Basic features

Scalable parallel I/O

Datasets aims to be a universal parallel data loader, data writer, and exchange format, providing a narrow data waist for Ray applications and libraries to interface with.

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This is accomplished by heavily leveraging Arrow’s I/O layer, using Ray’s high-throughput task execution to parallelize Arrow’s high-performance single-threaded I/O. The Datasets I/O layer has scaled to multi-petabyte data ingest jobs in production at Amazon.

Datasets’ scalable I/O is all available behind a dead-simple API, expressible via a single call: ray.data.read_<format>().

Data format compatibility

With Arrow’s I/O layer comes support for many of your favorite tabular file formats (JSON, CSV, Parquet) and storage backends (local disk, S3, GCS, Azure Blog Storage, HDFS). Beyond tabular data, we’ve added support for parallel reads and writes of NumPy, text, and binary files. This comprehensive support for reading many formats from many external sources, coupled with the extremely scalable parallelization scheme, makes Datasets the preferred way to ingest large amounts of data into a Ray cluster.

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# Read structured data from disk, cloud storage, etc.
ray.data.read_parquet("s3://path/to/parquet")
ray.data.read_json("...")
ray.data.read_csv("...")
ray.data.read_text("...")

# Read tensor / image / file data.
ray.data.read_numpy("...")
ray.data.read_binary_files("...")

# Create from in-memory objects.
ray.data.from_objects([list, of, python, objects])
ray.data.from_pandas([list, of, pandas, dfs])
ray.data.from_numpy([list, of, numpy, arrays])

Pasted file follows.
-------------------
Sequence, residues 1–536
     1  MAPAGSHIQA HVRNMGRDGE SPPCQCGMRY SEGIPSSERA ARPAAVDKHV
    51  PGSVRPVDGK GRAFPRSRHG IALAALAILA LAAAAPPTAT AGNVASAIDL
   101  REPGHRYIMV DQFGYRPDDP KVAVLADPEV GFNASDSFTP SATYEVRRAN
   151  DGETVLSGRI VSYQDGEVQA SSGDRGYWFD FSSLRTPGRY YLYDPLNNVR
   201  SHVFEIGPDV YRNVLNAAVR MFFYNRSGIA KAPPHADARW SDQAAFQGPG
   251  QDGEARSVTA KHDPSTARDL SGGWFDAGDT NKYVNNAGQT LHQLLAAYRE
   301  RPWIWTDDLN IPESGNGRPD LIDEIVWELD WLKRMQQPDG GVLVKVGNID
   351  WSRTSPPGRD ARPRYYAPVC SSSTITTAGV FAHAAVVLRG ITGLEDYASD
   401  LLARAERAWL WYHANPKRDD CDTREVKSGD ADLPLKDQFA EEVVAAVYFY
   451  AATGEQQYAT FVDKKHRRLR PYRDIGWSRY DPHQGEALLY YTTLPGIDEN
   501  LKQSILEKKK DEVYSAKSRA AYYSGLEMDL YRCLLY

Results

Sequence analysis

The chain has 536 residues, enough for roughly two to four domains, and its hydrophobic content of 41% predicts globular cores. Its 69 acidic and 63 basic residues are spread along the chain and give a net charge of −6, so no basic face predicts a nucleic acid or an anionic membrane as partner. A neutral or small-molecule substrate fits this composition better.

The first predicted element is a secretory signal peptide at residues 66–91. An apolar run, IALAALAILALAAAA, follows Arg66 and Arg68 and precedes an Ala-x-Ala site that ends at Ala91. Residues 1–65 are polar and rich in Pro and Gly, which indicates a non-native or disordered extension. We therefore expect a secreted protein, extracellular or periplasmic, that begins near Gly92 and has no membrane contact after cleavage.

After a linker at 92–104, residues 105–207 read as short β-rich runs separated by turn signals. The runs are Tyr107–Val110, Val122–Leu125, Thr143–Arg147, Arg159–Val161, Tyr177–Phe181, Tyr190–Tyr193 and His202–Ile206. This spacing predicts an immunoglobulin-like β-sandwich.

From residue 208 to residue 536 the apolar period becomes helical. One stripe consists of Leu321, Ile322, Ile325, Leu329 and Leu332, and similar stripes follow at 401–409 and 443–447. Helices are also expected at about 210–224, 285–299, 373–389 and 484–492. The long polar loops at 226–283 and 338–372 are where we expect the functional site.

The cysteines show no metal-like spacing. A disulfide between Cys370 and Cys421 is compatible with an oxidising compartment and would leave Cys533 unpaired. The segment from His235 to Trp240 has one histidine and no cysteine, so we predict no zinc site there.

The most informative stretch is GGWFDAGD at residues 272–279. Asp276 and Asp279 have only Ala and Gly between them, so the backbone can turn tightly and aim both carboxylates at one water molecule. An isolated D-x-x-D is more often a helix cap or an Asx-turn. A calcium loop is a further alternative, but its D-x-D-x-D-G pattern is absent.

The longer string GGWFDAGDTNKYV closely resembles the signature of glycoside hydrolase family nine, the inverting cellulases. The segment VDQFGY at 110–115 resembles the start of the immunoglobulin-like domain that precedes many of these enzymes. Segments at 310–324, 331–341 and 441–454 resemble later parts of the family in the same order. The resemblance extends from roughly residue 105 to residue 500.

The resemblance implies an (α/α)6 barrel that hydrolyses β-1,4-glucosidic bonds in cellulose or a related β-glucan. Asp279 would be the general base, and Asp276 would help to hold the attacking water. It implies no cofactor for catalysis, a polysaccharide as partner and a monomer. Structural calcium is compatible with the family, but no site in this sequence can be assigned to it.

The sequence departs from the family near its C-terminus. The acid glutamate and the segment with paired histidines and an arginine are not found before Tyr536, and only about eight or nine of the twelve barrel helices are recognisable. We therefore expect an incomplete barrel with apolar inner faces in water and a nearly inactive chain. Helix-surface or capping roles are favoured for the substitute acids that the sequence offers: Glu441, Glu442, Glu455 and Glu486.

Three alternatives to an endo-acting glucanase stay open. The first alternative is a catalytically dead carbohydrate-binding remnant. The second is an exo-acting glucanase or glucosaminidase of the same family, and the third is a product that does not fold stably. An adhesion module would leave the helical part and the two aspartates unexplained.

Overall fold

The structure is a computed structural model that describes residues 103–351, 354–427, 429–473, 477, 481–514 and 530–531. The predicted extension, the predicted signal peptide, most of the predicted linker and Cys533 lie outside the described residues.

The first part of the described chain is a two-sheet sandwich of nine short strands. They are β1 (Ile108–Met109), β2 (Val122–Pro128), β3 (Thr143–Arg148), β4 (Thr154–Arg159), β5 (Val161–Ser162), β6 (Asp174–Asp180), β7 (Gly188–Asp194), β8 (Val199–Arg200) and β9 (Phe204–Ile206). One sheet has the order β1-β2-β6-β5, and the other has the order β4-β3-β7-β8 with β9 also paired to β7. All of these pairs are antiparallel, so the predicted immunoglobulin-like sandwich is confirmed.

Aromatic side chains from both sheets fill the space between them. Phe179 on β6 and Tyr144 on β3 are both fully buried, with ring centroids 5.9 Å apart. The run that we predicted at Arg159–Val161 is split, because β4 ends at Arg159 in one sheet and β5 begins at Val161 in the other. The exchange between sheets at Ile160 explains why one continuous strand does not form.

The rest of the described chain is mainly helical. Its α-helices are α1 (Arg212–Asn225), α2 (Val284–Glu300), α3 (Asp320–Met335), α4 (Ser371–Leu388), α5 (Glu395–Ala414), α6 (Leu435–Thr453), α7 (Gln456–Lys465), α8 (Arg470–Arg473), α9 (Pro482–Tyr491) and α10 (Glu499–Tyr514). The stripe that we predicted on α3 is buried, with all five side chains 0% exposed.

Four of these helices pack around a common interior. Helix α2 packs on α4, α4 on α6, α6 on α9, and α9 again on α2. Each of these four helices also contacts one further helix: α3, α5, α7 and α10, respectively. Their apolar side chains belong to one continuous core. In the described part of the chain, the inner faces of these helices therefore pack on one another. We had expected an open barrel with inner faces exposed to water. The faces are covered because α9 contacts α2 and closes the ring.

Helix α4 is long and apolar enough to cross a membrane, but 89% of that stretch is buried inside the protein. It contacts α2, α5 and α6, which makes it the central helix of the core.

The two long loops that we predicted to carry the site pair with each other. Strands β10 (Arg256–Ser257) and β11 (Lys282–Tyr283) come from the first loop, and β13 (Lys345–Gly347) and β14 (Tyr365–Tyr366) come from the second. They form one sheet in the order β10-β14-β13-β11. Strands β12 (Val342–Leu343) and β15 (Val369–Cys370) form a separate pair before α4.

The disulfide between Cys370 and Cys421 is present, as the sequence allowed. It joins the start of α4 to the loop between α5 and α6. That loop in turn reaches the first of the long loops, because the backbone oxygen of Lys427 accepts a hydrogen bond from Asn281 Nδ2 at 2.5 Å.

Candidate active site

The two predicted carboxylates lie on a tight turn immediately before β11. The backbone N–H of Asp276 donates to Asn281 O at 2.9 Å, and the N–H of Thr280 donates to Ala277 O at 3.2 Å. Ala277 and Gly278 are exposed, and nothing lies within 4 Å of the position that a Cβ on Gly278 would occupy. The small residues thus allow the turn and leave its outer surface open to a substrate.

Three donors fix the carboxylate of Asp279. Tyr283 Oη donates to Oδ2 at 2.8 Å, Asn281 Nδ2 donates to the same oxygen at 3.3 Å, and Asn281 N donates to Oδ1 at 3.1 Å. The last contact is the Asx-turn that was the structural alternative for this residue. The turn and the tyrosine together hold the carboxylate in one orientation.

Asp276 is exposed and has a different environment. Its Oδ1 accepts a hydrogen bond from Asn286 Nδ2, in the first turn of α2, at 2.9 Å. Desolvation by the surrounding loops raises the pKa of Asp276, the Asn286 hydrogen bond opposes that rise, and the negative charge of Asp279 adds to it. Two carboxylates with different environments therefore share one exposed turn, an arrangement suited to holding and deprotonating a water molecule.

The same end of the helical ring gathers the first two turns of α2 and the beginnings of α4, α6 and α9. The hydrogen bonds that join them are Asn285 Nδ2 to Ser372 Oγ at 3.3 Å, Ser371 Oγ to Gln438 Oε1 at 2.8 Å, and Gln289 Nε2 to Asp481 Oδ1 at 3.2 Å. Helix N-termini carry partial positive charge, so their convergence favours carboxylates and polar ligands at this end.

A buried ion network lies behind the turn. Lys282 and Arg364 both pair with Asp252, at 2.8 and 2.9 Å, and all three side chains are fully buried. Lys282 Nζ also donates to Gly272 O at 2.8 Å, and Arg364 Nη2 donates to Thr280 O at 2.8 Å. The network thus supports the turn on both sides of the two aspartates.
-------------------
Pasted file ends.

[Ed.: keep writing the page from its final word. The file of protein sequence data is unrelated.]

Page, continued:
ray.data.from_arrow([list, of, arrow, tables])

Data framework compatibility

In addition to storage I/O, Datasets also allows for bidirectional in-memory data exchange with many popular distributed frameworks when they are run on Ray, such as Spark, Dask, Modin, and Mars, as well as Pandas and NumPy for small local in-memory data. For convenient ingestion of data into model trainers, Datasets provides an exchange API for both PyTorch and TensorFlow, yielding the familiar framework-specific datasets, torch.util.data.IterableDataset and tf.data.Dataset.

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# Convert from existing DataFrames.
ray.data.from_spark(spark_df)
ray.data.from_dask(dask_df)
ray.data.from_modin(modin_df)

# Convert to DataFrames and ML datasets.
dataset.to_spark()
dataset.to_dask()
dataset.to_modin()
dataset.to_torch()
dataset.to_tf()

# Convert to objects in the shared memory object store.
dataset.to_numpy_refs()
dataset.to_arrow_refs()
dataset.to_pandas_refs()

Last-mile preprocessing

Datasets offers convenient data preprocessing functionality for common last-mile transformations that you wish to perform right before training your model or doing batch inference. “Last-mile preprocessing” covers transformations that differ across models or that involve per-run or per-epoch randomness. Datasets allow you to do these operations in parallel while keeping everything in (distributed) memory with .map_batches(fn), with no need to persist the results back to storage before starting to train your model or do batch inference.

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# Simple transforms.
dataset.map(fn)
dataset.flat_map(fn)
dataset.map_batches(fn)
dataset.filter(fn)

# Aggregate operations.
dataset.repartition()
dataset.groupby()
dataset.aggregate()
dataset.sort()

# ML Training utilities.
dataset.random_shuffle()
dataset.split()
dataset.iter_batches()

Stateful GPU tasks

To enable batch inference on large datasets, Datasets supports running stateful computations on GPUs. This is quite simple: instead of calling .map_batches(fn) with a stateless function, call .map_batches(callable_cls, compute="actors"). The callable class will be instantiated on a Ray actor, and re-used multiple times to transform input batches for inference:

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# Example of GPU batch inference on an ImageNet model.
def preprocess(image: bytes) -> bytes:
    return image

class BatchInferModel:
    def __init__(self):
        self.model = ImageNetModel()
    def __call__(self, batch: pd.DataFrame) -> pd.DataFrame:
        return self.model(batch)

ds = ray.data.read_binary_files("s3://bucket/image-dir")

# Preprocess the data.
ds = ds.map(preprocess)
# -> Map Progress: 100%|████████████████████| 200/200 [00:00<00:00, 1123.54it/s]

# Apply GPU batch inference with actors, and assign each actor a GPU using
# ``num_gpus=1`` (any Ray remote decorator argument can be used here).